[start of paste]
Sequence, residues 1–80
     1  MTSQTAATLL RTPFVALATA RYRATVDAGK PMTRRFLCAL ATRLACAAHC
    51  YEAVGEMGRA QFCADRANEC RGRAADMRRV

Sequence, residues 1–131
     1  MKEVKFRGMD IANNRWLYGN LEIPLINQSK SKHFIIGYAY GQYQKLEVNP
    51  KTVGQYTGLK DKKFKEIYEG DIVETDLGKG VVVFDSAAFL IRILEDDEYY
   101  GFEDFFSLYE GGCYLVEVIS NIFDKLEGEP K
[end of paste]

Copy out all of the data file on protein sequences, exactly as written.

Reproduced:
Sequence, residues 1–80
     1  MTSQTAATLL RTPFVALATA RYRATVDAGK PMTRRFLCAL ATRLACAAHC
    51  YEAVGEMGRA QFCADRANEC RGRAADMRRV

Sequence, residues 1–131
     1  MKEVKFRGMD IANNRWLYGN LEIPLINQSK SKHFIIGYAY GQYQKLEVNP
    51  KTVGQYTGLK DKKFKEIYEG DIVETDLGKG VVVFDSAAFL IRILEDDEYY
   101  GFEDFFSLYE GGCYLVEVIS NIFDKLEGEP K